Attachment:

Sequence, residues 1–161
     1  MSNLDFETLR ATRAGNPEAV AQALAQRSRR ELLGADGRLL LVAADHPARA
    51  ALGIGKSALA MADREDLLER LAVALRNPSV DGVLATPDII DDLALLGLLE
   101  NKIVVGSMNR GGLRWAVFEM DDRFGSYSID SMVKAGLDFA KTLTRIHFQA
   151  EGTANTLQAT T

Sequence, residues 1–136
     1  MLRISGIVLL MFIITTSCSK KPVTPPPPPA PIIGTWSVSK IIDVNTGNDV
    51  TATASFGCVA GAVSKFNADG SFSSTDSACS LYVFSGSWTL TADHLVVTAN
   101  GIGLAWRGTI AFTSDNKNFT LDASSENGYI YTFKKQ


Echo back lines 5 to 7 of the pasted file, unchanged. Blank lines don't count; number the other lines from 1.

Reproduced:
   151  EGTANTLQAT T

Sequence, residues 1–136
     1  MLRISGIVLL MFIITTSCSK KPVTPPPPPA PIIGTWSVSK IIDVNTGNDV